This week marks the halfway point, which is interesting because it means that if you looked at my trip on a timeline, I will never be further from home.

As such, I thought I'd do a two-part halfway type of thing.

Part One: Things I Miss
Thus far, I have thoroughly enjoyed my time in Perth. There have been patches of homesickness here and there but they've become easy to fight off. It's like the chicken pox. The first one was tough to fight off but now when it comes it's nothing. Body just goes "SCREW" and it leaves. Having said that, there are definite things that I hold especially close from home that I already can't wait to get back to.

1. The Boston Red Sox
Now, I realize that I'm as separated from them as you all are what with opening day still a good six hours and seventeen minutes away (I will have the audio running myself...first Murdoch all-nighter). However, you've all gotten to enjoy, consciously or not, an amazing part of the baseball season, and that is March and the buzz and the anticipation of its beauty forthcoming. I will greatly miss living five minutes down the road during game day. This might be my favorite part of the Emmanuel school year, at least on campus. On game days, I'd often sneak out to Dunkin Donuts around six just to get a sense of the buzz in the Fenway area.

2. Dunkin Donuts
Coffee here is way better. I don't care, I can't wait for my first Dunkin iced coffee. I must save enough money so as to be able to enjoy one right off the plane in June.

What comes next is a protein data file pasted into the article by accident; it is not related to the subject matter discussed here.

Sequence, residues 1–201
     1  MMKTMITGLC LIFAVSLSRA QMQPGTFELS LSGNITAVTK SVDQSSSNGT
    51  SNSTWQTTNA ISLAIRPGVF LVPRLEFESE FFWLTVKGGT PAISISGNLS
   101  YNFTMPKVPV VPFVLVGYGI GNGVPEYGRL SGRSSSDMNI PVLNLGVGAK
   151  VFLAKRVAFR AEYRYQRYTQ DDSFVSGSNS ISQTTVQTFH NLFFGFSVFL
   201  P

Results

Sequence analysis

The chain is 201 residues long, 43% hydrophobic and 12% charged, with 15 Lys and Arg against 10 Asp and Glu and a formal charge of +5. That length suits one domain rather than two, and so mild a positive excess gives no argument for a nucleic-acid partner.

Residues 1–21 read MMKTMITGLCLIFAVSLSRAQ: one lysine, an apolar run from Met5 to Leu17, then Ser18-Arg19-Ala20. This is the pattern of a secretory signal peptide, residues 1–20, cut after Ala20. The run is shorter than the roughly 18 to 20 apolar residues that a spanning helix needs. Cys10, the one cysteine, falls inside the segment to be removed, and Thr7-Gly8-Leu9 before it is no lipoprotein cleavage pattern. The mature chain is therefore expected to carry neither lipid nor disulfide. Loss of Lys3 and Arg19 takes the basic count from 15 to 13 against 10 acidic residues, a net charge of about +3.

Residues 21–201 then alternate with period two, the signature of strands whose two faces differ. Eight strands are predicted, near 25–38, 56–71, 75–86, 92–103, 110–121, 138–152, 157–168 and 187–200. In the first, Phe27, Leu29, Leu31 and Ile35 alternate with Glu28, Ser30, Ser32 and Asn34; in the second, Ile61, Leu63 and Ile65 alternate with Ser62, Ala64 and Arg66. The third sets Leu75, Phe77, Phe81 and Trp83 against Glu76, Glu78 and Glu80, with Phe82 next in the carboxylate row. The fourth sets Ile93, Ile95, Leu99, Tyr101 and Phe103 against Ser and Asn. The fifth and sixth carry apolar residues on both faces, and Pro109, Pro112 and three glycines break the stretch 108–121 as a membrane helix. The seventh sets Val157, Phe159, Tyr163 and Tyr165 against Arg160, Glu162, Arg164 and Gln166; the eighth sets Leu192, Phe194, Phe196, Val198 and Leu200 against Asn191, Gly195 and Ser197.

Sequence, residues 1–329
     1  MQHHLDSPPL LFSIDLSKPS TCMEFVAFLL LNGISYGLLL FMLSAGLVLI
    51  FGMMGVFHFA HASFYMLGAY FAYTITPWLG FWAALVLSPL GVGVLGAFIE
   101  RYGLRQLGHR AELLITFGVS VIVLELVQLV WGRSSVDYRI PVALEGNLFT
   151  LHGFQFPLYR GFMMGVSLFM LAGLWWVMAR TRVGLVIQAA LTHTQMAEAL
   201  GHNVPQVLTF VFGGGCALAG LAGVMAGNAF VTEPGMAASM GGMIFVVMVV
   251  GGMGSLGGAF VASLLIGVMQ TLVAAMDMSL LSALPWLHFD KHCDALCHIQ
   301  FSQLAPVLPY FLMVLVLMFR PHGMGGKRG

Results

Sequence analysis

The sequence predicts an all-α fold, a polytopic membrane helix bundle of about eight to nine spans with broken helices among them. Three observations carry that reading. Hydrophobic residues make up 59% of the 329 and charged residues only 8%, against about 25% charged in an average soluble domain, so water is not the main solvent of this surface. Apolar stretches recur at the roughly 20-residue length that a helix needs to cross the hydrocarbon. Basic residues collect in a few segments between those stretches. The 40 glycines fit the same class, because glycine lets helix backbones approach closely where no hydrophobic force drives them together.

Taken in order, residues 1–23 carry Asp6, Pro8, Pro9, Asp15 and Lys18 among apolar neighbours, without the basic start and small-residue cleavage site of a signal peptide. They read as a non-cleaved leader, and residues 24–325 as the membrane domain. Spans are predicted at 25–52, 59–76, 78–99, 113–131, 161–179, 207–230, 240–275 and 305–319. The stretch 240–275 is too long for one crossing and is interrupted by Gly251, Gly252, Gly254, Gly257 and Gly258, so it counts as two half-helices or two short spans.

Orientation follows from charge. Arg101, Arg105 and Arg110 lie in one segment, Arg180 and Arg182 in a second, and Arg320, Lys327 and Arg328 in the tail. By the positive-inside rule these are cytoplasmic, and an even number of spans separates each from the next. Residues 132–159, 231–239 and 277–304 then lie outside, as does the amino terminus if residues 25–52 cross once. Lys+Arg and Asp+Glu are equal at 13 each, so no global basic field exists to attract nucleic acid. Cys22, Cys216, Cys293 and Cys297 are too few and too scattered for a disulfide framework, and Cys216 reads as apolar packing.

3. Fort Awesome USA
Oh what a place to spend a night! It is not only a fort, but it is awesome. And based on pictures I've seen, it's been every bit as awesome this semester. I greatly anticipate my return to Ft. Awesome at some point within my first week of being home. A time will be had, and I imagine it to be a good one.

4. The Ol' Dylan
Ah yes, it is always the case that when I'm off to school for a semester that the dog is right up there on my missed list, and still he sits there when I am separated by so much. Dylan has, since my departure, acquired a companion, in the form of my mother's prized shih tsu, Franquie, and I can only imagine it being the oddest of couples. I anticipate seeing the interaction between these two.

5. Driving
Even if I found someone who'd let me try it, driving on the opposite side of the road would be quite a conundrum for me and so I likely wouldn't try it. My friend Jess won't give me her car despite two months of nagging, so it probably won't happen anyway.